Emacs as a Shell
Pavel Korytov writes in his recent post:
So over time, Emacs has become my programming environment, email client, window manager, knowledge base, and a lot more. I think I ended up using Emacs for almost as many things as possible;
This is where I want to be in the near future. So far I’ve moved my development environment and email to Emacs. Next up are notes, RSS reading, and music listening.
What I love about Emacs is the consistency between modes/packages. They accomplish widely different things, but the general control scheme is the same. It’s great since all TUI programs I use tend to support Vim’s way of doing things. Having it all inside Emacs changes the dynamic. I’m trying to think of Emacs as a shell rather than an editor.
What Emacs really is, is a virtual machine running LISP code. Some say that Emacs violates Linux philosophy. I don’t see it this way. Does shell violate it? It’s also a way to run different programs. Emacs is an abstraction over real shell which adds some calm to it. It’s a way to have an interactive layer over OS… which also does text editing.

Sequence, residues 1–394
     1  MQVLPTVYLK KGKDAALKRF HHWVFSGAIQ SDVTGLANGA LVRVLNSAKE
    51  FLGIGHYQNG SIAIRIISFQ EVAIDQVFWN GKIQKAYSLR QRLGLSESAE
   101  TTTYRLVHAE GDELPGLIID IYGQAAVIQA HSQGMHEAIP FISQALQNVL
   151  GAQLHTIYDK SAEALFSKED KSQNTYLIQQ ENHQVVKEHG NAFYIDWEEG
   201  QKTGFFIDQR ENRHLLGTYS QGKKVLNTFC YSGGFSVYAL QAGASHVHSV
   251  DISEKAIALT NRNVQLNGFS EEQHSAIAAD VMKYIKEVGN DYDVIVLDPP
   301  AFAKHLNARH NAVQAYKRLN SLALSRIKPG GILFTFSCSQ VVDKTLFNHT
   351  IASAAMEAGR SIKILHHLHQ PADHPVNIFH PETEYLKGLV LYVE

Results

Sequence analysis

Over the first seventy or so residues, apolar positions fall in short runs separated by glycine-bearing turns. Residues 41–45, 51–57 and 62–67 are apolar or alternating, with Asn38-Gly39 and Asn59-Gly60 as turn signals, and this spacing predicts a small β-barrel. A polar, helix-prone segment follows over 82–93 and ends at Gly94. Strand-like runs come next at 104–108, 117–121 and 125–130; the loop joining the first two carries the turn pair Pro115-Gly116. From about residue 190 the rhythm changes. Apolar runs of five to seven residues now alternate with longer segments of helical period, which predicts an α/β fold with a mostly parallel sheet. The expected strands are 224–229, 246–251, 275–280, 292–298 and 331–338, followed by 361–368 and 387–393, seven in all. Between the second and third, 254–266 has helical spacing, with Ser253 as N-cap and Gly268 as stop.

So, when you look at it this way, Emacs makes a lot of sense:
- It runs programs. Bigger packages, like Magit, are nothing short of real programs.
- It’s scriptable. Elisp all the way!
- It allows for interoperability between programs.
- It runs above basic OS. You can replace your window manager with Emacs, but you need some sort of kernel.
- You can live entirely inside Emacs, just like you can live entirely inside a terminal.